The Impact of international trade on income in Africa
an empirical analysis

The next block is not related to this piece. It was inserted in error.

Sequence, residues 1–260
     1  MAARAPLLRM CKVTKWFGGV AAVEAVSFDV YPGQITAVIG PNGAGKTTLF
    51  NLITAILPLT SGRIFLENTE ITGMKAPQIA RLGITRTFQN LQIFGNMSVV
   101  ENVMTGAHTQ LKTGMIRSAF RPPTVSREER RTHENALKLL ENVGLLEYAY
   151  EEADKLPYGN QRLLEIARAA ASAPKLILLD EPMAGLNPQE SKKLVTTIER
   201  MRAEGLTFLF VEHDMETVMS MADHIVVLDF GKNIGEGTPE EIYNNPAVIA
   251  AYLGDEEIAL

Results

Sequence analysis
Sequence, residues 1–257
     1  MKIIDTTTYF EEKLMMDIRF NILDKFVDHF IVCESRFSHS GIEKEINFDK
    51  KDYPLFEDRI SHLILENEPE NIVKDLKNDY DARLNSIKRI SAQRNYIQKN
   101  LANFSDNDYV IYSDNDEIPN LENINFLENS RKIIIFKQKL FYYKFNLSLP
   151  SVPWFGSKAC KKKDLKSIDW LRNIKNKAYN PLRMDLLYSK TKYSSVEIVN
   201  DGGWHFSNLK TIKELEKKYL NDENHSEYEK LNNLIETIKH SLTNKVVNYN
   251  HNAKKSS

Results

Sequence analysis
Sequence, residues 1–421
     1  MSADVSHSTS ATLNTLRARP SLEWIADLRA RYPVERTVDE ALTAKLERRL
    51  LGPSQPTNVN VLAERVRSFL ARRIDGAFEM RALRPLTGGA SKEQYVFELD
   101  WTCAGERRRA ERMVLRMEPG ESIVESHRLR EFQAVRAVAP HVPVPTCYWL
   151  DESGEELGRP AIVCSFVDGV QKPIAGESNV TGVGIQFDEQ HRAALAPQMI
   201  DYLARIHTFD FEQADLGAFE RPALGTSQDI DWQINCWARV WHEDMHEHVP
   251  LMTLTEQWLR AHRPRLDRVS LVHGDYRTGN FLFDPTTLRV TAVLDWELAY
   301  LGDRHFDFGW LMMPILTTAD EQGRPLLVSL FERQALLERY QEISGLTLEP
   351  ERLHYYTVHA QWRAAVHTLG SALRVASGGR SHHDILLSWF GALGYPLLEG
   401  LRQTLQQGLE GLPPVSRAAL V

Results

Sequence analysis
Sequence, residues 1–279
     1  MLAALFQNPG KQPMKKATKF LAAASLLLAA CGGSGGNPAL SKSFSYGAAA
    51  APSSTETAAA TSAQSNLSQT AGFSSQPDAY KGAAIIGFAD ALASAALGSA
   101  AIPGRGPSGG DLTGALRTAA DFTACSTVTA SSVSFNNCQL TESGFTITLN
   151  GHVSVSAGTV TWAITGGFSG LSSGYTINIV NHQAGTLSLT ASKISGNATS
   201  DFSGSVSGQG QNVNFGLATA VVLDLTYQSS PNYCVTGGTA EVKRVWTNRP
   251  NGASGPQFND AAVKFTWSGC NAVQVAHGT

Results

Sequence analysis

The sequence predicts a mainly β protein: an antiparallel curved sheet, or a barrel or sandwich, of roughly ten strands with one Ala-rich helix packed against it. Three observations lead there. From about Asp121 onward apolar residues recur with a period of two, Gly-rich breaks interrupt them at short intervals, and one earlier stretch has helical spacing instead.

Sub-Saharan African countries have implemented several trade reforms over the past decades, with the aim of boosting global openness and economic growth. Development economists and prominent multilateral institutions have recognized positive contribution of international trade on economic growth in Sub Saharan Africa and their studies show that African countries have strong potential for further economic growth and income development if invested in promoting international trade as its share to global trade remains small, unlike its strong position to supply raw materials to major trading countries around the world. However, their empirical studies do not cease to be questioned due to at least the following three reasons : (1) there are still doubts on how openness to trade is measured to ascertain the role of trade on growth among countries; (2) the estimation methodology and choice of regressors are still open for debate and not unanimously confirmed among researchers and policy making groups, and (3) there are still uncertainties on how policies implemented by the governments effectively contribute to countries’ economic growth. This study aims at understanding the contribution of trade openness to economic growth among Sub Saharan African countries by using pooled regression of panel data econometrics around 50 countries from 1960 to 2015, and empirically testing the introduction of Human Capital and Corruption Indexes as a new regressors to estimate the effects of trade openness on income in sub Saharan Africa. The study findings show that openness to trade (which is measures as ratio of import and export to GDP) has a statistically significant positive impact on per capita income growth across all selected sub-Saharan African countries incomes. Countries with larger share of export are more likely to benefit from trade openness that those with larger share of imports as the latter dampen the countries ‘current account. However, the effect of the import on country’s per capita was not statistically significant. The study has also found that Human Capital Index has a robust and statistically significant positive impact on per capita income and trade openness in Sub-Saharan African, which show the extent to which countries that have invested more in human capital development benefit more from trade openness than those that invested less. Nevertheless, there is a statistically significant negative impact of country’s landlockedness on per capita income. The study suggests that landlocked Sub-Saharan African countries benefit less from trade openness than non-landlocked countries. Based on study findings, this study recommends that that Governments across in Sub-Saharan Africa should increase their investments in human capital development through several that are aimed at improving early learning and the quality of secondary education. Sub-Saharan African countries should also increase investments in export growth promotion initiatives by supporting export diversification policies to boost significant improvements in country export volume. Export diversification in Agro-processing sector should be facilitated by focusing on organic food stuff of which demand continues to increase amid china’s middle-income population growth. The latter would benefit from majority of the African population hence ensuring inclusive growth. Futhermore, governments across Sub-Saharan Africa should embrace intra-regional trade initiatives such as the recently signed African Continental Free Trade Agreement (AfCFTA) and ensure macroeconomic stabilities by undertaking holistic trade diversification policy reforms.
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